Why India’s budget must continue to drive the technology adoption agenda

Why India’s budget must continue to drive the technology adoption agendaWhen the government launched the Digital India mandate, its dual goals were to create a digitally empowered society, where citizens have access to information at their fingertips, and to transform India into a knowledge economy. With over a billion mobile phone subscribers leapfrogging brick-and-mortar access points to use the mobile as a gateway for basic e-governance related information, infotainment, online shopping, consumption devices have gone from luxury to utility. While this creates a concrete base for knowledge economy, by familiarizing citizens with technology, it cannot be the sole catalyst for transforming India to Digital India.

As an initial step to making local technology more competitive and relevant, the Union Budget 2017-18 announced capital investments in electronic manufacturing clusters, focused on mobile phones, to spur the competiveness and innovative quotients of indigenous manufacturing. However, in a country that aspires to become a knowledge economy, mobile devices will be but a gateway for access to technology.

Till date, the government has done a commendable job of taking its services to citizens through the mobile, but is that enough to equip citizens with the relevant skills to contribute to India’s knowledge economy? The UN Millennium Development Goals Indicators state that industrialized economies enjoy 63 times more access to personal computers (PCs) than developing countries. For most developed nations, the growth story has been an ‘and’ story, wherein they’ve had high levels of penetration of both PCs and mobile phones. Digital India’s story too will have to be an ‘and’ story, where consumption devices serve as a gateway to technology and PCs, owing to their larger screen size, physical keyboards and productive capabilities, are leveraged as a cornerstone for productivity and development.

An analysis done by Kantar IMRB and the Indian School of Business shows that 54% citizens in non-urban India prefer a PC over a smartphone for education, while increased job opportunities remains one of the key reasons for non-owners of PCs to consider purchasing one.

Additionally, owners of both smartphones and PCs are 7% more likely to use the latter to access healthcare, education, and career-related information. As current technology penetration in the country stagnates at a meagre 20% , the government must accelerate the process of making productive technology relevant here. The most critical step to foster a knowledge based economy is platform agnosticism, which entails the use of complementary devices, including mobiles and PCs, to plug gaps in development of skill, digital literacy, and content creation.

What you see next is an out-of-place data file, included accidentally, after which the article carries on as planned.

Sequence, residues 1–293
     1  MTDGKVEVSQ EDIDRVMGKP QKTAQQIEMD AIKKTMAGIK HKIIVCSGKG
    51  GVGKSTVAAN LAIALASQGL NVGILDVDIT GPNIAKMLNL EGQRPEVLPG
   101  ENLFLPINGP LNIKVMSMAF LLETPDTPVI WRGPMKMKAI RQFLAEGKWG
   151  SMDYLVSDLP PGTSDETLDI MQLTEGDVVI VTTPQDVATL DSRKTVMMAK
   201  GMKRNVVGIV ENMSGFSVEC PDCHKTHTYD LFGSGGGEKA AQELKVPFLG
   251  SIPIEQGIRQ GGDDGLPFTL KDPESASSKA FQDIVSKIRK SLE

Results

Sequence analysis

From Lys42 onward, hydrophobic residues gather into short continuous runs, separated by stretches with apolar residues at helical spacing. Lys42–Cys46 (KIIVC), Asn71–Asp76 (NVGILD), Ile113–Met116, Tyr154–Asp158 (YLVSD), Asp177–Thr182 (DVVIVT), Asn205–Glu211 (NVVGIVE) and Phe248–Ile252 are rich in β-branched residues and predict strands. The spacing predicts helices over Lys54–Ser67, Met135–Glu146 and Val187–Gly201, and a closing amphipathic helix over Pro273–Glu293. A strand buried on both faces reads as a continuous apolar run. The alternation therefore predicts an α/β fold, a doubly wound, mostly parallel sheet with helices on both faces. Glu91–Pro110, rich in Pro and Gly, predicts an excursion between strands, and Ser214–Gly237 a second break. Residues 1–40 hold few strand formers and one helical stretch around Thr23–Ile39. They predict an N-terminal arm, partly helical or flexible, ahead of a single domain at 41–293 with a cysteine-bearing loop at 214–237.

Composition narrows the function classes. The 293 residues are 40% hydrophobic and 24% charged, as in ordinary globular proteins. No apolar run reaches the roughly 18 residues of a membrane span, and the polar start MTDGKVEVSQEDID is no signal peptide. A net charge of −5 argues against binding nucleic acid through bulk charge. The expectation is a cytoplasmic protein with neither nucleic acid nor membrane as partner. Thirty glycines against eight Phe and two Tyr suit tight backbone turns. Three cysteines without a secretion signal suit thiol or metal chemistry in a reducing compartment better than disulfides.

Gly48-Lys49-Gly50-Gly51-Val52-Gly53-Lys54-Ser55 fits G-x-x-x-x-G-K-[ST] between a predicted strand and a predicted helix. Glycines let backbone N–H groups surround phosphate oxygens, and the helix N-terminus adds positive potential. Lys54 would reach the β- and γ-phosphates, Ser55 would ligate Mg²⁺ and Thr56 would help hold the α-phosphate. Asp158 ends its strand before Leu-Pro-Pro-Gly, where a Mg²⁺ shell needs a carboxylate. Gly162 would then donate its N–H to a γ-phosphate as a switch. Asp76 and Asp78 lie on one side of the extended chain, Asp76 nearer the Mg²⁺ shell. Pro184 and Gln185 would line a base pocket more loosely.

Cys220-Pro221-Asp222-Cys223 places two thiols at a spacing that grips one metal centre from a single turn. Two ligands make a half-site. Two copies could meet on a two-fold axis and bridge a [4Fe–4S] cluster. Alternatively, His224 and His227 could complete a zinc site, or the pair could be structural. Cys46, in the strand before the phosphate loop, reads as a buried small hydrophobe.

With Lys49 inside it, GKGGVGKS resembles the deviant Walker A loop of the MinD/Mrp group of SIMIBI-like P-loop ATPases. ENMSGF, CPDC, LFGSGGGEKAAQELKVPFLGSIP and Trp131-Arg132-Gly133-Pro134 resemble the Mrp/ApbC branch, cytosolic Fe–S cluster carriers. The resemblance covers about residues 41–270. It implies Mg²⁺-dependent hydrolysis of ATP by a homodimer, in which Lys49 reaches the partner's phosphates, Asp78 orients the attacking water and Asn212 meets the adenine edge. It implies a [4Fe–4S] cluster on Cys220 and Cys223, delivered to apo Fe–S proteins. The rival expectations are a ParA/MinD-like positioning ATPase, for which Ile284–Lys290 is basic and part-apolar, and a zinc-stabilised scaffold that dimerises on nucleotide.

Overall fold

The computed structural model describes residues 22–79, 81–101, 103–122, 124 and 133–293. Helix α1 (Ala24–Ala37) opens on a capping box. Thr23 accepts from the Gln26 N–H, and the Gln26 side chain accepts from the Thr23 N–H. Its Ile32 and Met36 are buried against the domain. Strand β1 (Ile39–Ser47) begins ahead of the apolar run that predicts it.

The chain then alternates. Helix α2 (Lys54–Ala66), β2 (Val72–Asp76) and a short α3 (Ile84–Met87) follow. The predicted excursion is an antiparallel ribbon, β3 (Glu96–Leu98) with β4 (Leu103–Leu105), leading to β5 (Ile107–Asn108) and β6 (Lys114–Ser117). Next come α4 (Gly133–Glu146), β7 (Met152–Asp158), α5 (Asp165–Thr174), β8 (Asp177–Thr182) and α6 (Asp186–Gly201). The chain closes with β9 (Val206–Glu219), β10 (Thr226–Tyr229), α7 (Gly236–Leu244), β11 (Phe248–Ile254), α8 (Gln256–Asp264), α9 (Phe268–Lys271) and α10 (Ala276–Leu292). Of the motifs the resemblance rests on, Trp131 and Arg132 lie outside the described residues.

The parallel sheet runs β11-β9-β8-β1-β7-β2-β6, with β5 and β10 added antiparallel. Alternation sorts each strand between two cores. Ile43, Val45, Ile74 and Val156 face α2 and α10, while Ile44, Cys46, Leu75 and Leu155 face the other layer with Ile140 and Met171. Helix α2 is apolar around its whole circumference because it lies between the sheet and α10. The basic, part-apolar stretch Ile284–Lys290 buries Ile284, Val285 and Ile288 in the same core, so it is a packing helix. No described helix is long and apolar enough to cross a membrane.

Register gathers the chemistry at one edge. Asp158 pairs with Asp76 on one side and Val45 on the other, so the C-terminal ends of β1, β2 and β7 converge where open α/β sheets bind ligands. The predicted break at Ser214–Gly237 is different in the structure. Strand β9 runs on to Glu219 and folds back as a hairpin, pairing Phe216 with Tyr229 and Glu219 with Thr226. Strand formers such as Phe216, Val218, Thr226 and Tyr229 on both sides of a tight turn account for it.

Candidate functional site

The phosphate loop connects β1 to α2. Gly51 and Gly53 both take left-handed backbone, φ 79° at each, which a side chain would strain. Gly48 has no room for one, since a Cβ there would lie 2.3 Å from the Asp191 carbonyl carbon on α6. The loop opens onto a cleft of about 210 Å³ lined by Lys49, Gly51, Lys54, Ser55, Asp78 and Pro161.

Besides the device itself, several factors will play a crucial role in making this happen. The thrust to digitization with the extension of the Optical Fibre Communication (OFC) network, and improved access to development e-services under the BharatNet and Digigaon initiatives outlined in the Budget, will give a fillip to the Digital Villages that we have long envisioned. Offering free WiFi access and high-speed broadband connectivity will lay the foundations for the adoption of productive devices.

Although local brands such as iBall are making computing affordable for consumers, price continues to remain a key deterrent to adoption.

To address this constraint, policy intervention is crucial to subsidize the costs of domestic PC manufacturing by extending customs duty benefits and capital investments to a build a holistic, robust electronic manufacturing and design sector. This will have a positive effect in the long term: it will not only trigger innovations in design customized to local needs, but it will sharpen the prongs of the government’s development trident: Make in India, Skill India, and Digital India.

Classic gestalt theory follows that the whole is greater than the sum of its parts; this could not be truer for Digital India today. Projected to be the most populated country in the world by 2022 , and already possessing the largest demographic dividend, India presents great opportunities in terms of economic development.

However, to become a leader of R&D and IP demands the skills and knowledge to be differentiated in the global market. We must aim to become a nation with knowledge as a backbone, for which the government must adopt and implement technology policies that enable citizens with the tools to move beyond content consumption, and toward content creation. And while the government will play the key role in setting policies, industry must collaborate to execute that vision, and local technology evangelists will help address citizens’ initial inhibitions and fears associated with the use of what are perceived as being complex devices.


(This article is authored by Debjani Ghosh, Managing Director, and Vice President, Sales & Marketing Group, Intel South Asia)